Welcome back, kiddos! Are you ready to learn more about The Bubble? If you haven’t been following along, I’m charting the history of Boulder and how it came from humble, mining town beginnings, to the hippy, start up mecca of the Rocky Mountains. I suggest you read part one and part two before you get to the meat of today’s installment.
1970-Present: In Which Brain, Brawn, and the Metaphysical Combine
When last I left off, I was awash in nostalgia over the new mall that was built in 1963, but I’m better now, so we can get on to the good stuff. This is the part where Boulder goes big time new age.
You can probably trace it all back to 1974 when both the Naropa Institute and Jack Kerouac School of Disembodied Poetics were established. Of course, by then, several large companies including IBM and Ball Aerospace had set up shop in Boulder, so the city started growing with this eclectic mixture of nerds and hippies, something that was only nurtured with college students being a significant part of the population.
In 1977, the quirkiness of Boulder found an epicenter with the construction of the Pearl Street Mall. Now it’s more of a foodie’s paradise, but there was a time when peace, love, and acoustic guitarist of varying levels of talent ran rampant on the newly closed streets of the walking mall.
OK, it still does a little.
In the late 70s and early 80s, a number of iconic Boulder events started (in addition to yours truly being born into this world) that are still ongoing to this day. That includes the Bolder Boulder, Kinetics Race, and the Polar Bear Plunge. Honestly, this trifecta is a perfect example of the combination of ingenuity, athleticism, and quirkiness that exists only in Boulder.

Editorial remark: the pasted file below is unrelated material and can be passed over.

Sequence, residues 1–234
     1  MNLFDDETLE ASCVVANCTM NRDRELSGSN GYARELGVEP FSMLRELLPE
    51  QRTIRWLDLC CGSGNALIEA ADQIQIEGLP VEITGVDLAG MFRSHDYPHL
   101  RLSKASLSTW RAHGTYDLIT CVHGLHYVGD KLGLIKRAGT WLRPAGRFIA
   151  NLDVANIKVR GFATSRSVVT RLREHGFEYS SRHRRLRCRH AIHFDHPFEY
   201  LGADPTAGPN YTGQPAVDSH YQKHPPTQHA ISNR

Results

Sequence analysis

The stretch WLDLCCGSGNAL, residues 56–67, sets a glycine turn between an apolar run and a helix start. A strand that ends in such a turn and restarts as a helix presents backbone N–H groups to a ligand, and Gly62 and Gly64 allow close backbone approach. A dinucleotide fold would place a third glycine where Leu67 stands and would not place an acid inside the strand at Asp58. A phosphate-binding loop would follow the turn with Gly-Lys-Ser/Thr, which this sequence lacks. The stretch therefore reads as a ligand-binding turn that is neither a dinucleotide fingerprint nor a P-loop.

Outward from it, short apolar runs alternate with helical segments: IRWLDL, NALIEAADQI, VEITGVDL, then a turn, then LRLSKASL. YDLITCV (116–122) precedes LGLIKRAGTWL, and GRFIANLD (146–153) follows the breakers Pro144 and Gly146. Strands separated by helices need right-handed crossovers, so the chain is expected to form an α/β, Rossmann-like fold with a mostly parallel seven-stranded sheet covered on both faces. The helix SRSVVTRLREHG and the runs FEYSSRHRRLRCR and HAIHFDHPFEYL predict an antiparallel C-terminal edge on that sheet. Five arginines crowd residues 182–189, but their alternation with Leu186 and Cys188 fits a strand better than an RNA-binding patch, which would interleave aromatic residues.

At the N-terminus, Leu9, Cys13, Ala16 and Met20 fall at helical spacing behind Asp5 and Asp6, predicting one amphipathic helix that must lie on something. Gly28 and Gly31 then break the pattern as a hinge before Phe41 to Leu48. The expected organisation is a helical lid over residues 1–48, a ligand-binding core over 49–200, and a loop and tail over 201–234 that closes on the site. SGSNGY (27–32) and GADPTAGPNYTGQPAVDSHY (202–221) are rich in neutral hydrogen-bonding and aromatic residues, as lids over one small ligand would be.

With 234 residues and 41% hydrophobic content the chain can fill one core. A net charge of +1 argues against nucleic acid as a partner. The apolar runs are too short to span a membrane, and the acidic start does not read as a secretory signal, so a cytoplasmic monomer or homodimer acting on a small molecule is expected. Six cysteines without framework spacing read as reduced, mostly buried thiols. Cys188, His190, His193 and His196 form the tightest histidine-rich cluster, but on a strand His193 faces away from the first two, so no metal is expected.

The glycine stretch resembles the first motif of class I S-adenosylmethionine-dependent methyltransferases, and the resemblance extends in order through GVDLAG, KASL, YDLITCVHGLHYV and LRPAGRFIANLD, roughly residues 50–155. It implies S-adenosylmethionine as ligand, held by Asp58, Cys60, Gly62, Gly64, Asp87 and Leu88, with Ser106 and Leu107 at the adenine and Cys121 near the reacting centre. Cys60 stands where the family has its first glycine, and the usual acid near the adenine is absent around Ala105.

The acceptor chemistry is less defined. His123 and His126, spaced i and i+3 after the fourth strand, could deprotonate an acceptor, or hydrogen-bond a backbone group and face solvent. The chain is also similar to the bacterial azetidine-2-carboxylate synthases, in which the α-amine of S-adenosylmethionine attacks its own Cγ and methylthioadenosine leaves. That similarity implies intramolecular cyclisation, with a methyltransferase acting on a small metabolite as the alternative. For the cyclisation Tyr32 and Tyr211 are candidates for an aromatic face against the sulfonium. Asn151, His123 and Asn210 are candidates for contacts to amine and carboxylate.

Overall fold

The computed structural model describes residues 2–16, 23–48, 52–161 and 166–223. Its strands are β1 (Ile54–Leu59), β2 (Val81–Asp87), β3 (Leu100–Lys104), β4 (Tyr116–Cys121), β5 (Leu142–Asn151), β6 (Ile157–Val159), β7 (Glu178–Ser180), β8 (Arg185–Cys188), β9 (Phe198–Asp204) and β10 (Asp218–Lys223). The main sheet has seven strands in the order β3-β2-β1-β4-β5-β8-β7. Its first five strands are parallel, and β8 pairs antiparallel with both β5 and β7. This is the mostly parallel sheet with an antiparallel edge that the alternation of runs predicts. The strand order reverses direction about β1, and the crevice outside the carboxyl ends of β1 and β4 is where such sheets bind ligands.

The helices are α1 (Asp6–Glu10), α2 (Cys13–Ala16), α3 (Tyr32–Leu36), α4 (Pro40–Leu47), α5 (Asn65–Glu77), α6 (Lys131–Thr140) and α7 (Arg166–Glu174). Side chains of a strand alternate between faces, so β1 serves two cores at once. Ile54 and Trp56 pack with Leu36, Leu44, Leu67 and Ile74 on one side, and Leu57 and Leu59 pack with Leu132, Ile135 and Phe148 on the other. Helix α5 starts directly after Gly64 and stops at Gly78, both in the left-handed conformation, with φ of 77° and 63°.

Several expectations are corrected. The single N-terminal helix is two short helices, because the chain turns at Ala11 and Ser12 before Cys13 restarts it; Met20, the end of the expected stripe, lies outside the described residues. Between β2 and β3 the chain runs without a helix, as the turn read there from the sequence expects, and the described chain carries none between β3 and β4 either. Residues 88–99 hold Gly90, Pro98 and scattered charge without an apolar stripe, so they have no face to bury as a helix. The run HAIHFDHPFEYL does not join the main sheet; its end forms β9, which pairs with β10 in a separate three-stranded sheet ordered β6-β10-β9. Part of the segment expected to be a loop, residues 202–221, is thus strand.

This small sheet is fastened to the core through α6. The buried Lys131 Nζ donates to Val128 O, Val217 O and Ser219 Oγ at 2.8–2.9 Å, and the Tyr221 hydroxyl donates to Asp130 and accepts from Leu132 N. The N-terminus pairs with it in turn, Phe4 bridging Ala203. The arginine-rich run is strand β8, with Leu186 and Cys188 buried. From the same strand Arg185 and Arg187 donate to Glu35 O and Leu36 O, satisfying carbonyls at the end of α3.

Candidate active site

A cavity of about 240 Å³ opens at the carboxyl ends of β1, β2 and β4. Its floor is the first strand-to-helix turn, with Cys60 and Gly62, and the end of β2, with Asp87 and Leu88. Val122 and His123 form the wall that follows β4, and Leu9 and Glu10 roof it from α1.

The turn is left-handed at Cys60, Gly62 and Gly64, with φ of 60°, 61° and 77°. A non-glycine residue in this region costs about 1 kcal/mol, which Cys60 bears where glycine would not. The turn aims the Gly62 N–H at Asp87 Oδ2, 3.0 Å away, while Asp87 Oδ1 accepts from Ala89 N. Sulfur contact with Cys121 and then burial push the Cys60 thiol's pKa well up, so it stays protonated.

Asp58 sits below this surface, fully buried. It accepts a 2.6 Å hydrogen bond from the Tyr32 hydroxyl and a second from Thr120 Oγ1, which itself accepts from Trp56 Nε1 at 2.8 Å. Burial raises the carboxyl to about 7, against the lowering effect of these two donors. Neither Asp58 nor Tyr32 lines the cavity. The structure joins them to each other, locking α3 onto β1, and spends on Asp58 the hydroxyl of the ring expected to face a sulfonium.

One of the other quirks Boulder has is its affinity for collecting sister cities. Seriously, no one can ever accuse Boulder of being and “only child,” because check out this list of sister cities:
- Lhasa, Tibet (1986)
- Dushanbe, Tajikistan (1987)
- Yamagata, Japan (1994)
- Ciudad Mante, Mexico (2000)
- Kisumu, Kenya (2009)
A few more sisters and Boulder would be eligible for its own TV series on TLC.
Over the past several decades, with the combination of education, an influx of liberal-leaning population, and some thoughtful city planning, Boulder has shown up on a number of lists ranking it among the best in a number of areas:
In 2010, a Gallup poll ranked Boulder as the city with the highest well-being index score (a score that is an average of six sub-indexes life evaluation, emotional health, work environment, physical health, healthy behaviors, and access to basic necessities) in the United States. In addition, a Portfolio.com analysis showed that Boulder was the brainiest city in the U.S., with nearly 26% of the population holding a master’s degree or higher (five out of six residents have attended college).
Boulder has also been ranked the foodiest town in America, one the queerest towns in America, one of the best cities to launch a startup in, and, well, you know what, Boulder has been included in so many lists, that the city of Boulder website has entire page listing community honors that goes all the way back to 1989.
So the word’s been out about Boulder for a while now, which explains it’s incredible population boom over the last couple of decades. From a ragtag group of 324 people to an estimated population just over 107,000, the People’s Republic of Boulder has come a long way from surviving to thriving.